Headquarters hotel for ACPA at the 1980 national convention in Boston was the Sheraton. The convention theme during April 27-30 was "Sounding the Call for the 80s: Diversity and Development." Despite the rain and winds of a three-day storm in the north Atlantic region, 2,872 registrants, the largest attendance to date, participated in at least 16 pre-convention workshops and more than 350 presentations. A record number of job hunters (1,045) took advantage of the newly combined placement services of APGA and ACPA at the Career and Placement Center. They communicated with almost 788 employers. More than 600 graduate student convention registrants were issued a copy of The Management Primer, a new ACPA Commission I publication issued to each new professional.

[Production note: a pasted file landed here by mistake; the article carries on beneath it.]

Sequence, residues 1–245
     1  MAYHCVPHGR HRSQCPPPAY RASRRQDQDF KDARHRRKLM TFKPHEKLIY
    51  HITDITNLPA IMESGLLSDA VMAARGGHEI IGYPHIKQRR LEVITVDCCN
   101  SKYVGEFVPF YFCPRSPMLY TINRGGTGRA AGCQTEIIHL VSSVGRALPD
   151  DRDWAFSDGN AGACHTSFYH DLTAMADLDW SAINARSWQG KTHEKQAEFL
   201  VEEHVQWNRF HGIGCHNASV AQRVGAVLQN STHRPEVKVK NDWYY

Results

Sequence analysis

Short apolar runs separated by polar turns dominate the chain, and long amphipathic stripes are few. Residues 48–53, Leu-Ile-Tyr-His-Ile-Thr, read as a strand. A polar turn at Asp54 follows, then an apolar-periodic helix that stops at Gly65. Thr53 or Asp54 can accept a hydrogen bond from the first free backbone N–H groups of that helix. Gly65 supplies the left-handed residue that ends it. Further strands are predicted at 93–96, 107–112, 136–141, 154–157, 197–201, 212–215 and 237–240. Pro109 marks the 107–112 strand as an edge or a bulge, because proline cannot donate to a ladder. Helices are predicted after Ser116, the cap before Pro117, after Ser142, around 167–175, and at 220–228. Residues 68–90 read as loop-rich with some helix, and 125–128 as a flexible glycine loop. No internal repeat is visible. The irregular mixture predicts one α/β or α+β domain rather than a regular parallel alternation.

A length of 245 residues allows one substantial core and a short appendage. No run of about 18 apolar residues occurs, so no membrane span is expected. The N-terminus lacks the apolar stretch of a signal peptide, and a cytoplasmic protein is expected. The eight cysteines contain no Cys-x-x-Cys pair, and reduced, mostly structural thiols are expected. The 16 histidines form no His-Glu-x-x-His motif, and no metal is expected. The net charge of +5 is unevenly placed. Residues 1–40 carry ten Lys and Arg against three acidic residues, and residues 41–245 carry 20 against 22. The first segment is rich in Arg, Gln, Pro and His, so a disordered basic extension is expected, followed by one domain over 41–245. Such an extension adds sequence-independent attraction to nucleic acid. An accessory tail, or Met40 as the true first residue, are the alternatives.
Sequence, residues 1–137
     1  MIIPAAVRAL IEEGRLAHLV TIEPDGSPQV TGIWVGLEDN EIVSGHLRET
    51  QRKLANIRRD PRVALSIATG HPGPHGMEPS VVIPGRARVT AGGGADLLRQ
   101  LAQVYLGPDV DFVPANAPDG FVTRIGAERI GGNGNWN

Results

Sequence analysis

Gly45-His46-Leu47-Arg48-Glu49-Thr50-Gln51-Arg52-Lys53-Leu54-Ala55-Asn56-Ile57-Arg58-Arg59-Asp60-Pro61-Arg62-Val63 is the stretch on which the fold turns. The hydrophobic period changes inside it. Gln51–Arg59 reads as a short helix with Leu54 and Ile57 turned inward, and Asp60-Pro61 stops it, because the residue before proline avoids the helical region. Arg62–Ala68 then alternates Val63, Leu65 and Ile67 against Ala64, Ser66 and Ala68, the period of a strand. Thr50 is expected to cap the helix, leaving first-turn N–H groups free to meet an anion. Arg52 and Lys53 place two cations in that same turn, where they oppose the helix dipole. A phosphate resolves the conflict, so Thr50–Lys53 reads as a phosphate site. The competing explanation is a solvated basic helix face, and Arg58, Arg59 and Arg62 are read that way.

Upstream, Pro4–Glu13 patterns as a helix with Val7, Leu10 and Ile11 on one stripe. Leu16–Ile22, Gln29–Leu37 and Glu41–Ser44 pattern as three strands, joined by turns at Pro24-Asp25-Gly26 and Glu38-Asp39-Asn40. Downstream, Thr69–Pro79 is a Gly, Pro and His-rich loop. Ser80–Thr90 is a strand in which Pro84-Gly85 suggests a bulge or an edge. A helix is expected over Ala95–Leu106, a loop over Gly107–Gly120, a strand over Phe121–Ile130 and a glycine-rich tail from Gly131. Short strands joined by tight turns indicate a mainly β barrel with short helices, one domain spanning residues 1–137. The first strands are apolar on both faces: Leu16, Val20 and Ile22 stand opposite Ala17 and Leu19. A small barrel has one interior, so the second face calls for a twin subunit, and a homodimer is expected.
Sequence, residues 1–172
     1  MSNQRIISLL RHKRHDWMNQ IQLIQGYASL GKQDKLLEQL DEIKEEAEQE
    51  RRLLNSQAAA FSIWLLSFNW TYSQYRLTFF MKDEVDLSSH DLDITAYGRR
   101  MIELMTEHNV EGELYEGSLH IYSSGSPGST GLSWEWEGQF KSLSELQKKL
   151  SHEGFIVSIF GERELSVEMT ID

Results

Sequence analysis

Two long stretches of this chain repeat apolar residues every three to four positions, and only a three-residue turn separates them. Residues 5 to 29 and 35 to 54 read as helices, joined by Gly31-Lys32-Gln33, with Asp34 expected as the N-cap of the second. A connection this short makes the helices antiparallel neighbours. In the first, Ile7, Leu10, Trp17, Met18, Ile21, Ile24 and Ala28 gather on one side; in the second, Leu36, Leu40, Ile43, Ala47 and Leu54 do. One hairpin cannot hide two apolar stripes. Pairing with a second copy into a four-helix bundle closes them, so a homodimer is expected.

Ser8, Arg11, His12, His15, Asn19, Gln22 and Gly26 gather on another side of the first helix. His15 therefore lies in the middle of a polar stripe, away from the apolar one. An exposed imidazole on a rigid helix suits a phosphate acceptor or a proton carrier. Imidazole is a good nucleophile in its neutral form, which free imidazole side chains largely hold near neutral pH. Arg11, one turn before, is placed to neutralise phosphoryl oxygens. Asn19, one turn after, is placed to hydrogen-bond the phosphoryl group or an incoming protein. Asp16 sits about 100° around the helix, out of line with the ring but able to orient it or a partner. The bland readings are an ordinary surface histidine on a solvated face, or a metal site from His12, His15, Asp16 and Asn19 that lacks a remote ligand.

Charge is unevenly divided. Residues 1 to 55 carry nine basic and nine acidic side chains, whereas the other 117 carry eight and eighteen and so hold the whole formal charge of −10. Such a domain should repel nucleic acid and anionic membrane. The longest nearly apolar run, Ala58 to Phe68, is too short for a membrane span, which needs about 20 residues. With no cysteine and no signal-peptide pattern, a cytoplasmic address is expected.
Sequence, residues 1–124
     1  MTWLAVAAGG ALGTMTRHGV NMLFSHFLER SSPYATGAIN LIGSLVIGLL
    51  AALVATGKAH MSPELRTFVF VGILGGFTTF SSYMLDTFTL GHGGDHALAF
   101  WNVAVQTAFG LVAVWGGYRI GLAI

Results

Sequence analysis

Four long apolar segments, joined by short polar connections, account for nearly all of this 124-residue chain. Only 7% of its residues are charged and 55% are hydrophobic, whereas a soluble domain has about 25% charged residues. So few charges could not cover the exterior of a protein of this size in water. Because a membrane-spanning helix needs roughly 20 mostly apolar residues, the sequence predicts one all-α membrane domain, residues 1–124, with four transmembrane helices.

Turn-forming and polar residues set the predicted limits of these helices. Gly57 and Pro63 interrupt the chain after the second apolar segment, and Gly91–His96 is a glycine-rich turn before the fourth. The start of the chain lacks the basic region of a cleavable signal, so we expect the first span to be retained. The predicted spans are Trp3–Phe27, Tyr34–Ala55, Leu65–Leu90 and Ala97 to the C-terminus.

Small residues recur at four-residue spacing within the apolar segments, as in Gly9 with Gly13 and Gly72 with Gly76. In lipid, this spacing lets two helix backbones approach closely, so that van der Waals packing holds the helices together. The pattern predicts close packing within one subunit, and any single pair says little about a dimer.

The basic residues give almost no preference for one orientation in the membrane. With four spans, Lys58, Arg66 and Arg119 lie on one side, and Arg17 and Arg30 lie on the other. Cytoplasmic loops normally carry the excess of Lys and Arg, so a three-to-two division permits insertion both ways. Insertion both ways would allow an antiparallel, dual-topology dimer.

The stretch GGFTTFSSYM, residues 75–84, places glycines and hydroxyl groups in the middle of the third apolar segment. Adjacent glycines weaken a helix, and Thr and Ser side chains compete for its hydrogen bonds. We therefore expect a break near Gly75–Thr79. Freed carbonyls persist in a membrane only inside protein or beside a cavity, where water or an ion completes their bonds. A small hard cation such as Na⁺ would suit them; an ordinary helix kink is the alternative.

Mable chaired Executive Council meetings and a Business meeting during the annual convention. The Business meeting, in accordance with a motion approved by the Executive Council on March 25, 1979 at Los Angeles, was scheduled for one hour on the second full day (April 29) of the convention with no competing programs for that time slot (11:00 a.m.). One of the announcements during the Business meeting was that the Professional Development and Consultation Committee reported 14 workshops presented during the past year with 10 scheduled for the future. Over 2,282 participants were involved in the workshop program thus far that year. Arkansas was approved a state division at the 1980 Boston convention.